How to Entertain An Indoor Cat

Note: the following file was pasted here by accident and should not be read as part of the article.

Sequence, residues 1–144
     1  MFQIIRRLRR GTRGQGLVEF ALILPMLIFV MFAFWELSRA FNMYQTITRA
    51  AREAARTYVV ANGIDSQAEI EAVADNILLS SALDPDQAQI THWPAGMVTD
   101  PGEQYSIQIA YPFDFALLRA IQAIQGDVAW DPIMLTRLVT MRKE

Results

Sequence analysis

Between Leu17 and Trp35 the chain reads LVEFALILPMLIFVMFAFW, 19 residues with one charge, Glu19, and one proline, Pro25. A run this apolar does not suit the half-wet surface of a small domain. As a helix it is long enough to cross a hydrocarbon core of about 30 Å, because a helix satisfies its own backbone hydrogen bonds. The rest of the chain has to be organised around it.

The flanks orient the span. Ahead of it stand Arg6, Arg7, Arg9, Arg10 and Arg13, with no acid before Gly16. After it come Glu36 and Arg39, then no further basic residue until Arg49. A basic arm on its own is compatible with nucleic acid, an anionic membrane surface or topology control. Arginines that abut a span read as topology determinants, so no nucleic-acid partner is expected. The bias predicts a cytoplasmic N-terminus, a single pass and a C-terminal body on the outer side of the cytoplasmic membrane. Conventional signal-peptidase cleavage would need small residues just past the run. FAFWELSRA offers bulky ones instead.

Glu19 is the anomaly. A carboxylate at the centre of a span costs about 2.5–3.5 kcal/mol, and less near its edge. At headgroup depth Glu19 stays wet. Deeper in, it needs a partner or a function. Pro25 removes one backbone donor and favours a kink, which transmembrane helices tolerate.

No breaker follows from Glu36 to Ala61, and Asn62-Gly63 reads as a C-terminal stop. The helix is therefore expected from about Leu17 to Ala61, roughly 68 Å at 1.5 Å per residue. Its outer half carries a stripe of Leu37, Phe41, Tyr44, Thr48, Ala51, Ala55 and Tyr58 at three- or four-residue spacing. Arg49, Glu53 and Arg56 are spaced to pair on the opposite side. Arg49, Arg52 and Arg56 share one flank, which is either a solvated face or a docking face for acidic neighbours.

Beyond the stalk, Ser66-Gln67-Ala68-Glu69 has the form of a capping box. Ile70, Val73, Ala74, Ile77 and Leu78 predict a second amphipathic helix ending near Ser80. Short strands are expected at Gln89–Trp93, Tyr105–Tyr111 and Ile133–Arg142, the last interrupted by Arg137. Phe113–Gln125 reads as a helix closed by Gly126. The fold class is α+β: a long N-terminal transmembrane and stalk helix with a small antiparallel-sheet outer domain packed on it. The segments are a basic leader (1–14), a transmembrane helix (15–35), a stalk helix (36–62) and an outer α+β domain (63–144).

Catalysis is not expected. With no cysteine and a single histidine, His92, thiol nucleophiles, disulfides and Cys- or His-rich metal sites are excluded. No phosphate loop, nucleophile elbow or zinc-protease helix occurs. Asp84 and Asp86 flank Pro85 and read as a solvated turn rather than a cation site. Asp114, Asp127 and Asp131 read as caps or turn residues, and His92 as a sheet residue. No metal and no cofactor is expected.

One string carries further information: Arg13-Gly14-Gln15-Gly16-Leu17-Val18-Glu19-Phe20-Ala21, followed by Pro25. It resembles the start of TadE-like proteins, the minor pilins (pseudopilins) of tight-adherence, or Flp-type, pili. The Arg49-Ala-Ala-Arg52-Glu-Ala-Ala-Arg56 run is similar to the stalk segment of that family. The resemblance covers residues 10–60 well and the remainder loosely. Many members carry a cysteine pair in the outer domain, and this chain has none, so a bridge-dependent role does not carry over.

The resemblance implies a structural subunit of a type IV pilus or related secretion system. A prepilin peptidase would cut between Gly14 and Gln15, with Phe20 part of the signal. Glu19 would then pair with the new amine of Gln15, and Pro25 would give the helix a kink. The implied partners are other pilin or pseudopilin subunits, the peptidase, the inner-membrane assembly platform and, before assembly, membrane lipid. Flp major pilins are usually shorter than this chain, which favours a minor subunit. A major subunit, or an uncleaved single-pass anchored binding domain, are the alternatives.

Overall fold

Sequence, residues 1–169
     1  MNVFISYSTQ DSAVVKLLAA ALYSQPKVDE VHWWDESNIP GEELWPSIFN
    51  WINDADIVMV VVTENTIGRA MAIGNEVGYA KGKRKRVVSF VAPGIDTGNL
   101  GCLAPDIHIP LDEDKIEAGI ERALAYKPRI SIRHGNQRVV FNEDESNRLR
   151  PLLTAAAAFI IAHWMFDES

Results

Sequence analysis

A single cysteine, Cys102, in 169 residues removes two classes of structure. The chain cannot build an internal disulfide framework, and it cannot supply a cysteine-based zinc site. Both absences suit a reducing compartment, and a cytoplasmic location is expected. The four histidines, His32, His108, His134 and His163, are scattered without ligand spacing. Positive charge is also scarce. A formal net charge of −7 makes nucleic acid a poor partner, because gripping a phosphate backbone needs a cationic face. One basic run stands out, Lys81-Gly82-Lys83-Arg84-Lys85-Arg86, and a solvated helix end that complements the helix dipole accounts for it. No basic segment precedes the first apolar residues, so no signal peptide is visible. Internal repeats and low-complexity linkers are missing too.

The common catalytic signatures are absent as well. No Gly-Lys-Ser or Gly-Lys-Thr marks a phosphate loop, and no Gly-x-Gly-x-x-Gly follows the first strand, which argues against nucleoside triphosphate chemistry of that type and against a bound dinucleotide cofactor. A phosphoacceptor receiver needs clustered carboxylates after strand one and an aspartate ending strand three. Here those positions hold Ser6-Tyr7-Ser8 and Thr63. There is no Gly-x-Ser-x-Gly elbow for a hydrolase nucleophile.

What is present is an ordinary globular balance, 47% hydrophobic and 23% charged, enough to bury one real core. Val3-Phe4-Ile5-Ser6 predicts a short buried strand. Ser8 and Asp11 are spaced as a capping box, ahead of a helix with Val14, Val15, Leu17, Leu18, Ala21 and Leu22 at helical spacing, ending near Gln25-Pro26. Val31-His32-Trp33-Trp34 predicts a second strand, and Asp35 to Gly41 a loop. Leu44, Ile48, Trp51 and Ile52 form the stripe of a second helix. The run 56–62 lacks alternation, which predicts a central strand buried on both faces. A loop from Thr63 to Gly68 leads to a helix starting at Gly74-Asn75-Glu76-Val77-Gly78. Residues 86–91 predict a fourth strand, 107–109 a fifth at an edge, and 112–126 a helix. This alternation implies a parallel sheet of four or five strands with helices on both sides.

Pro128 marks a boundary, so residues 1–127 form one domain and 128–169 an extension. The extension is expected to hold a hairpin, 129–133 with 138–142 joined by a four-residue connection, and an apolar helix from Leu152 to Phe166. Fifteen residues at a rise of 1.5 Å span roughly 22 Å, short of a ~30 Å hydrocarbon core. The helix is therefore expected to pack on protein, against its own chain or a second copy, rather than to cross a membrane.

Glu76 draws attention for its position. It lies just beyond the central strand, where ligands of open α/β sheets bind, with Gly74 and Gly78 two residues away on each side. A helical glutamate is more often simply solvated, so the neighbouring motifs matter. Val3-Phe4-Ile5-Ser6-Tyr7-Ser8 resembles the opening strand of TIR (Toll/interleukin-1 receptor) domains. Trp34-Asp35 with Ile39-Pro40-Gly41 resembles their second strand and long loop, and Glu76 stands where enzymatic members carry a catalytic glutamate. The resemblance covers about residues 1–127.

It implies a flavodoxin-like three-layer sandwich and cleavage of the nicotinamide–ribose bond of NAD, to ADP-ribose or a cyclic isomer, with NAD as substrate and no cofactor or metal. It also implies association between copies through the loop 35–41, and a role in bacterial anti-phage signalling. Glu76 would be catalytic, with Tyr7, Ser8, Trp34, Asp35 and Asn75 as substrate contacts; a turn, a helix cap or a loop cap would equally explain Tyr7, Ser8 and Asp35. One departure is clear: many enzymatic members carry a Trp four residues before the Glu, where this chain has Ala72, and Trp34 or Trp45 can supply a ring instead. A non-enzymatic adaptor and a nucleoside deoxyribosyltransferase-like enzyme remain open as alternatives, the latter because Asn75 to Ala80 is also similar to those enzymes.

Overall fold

All of us, even cats, need to exercise and keep interested in things. During the winter months and still under the weight of a pandemic, that can become really hard for humans. For much of the last week the weather has been too unwelcoming to encourage me to do my daily outdoor walks, and even I have had to look for sources for getting extra physical and mental activity in the house. I even spent much of Saturday cleaning the house. My indoor cats need more stimulation than I can often give them, too. I keep some of their toys stored away so that I can bring new ones out every so often so they will have something "new" to entertain them. But one of the easiest ways I have found, which also benefits the birds and my lone squirrel, is to keep my bird feeder well stocked. Sully, who typically spends most winter days either snoozing in my warm closet or on top of the heat vent in my bedroom, has been much more active during the day since I started refilling the feeder regularly. Sometimes I see him racing from one window to another and skulking down in front of one so he can visually stalk the birds. He knows that frequently they will fly to one of the branches of the nearby magnolia tree or climbing hydrangea to await their turns at the feeder. So I will see him running from the living room into the bedroom or the bedroom to dining room and even to downstairs where there also are windows that look out on the bird feeder and the various nearby trees and bushes. Once parked in front of a window, he tries to look invisible and is extremely still and intent on what he sees outside. It's really quite amusing. Here is Sully yesterday afternoon spying on the feeder itself, which at the time had several purple finches, and a couple of Cardinals on it. On the ground below the feeder was the lone squirrel and a Mourning Dove. I just checked the feeder. It looks like I need to go and refill it again before Sully wakes up from one of his naps.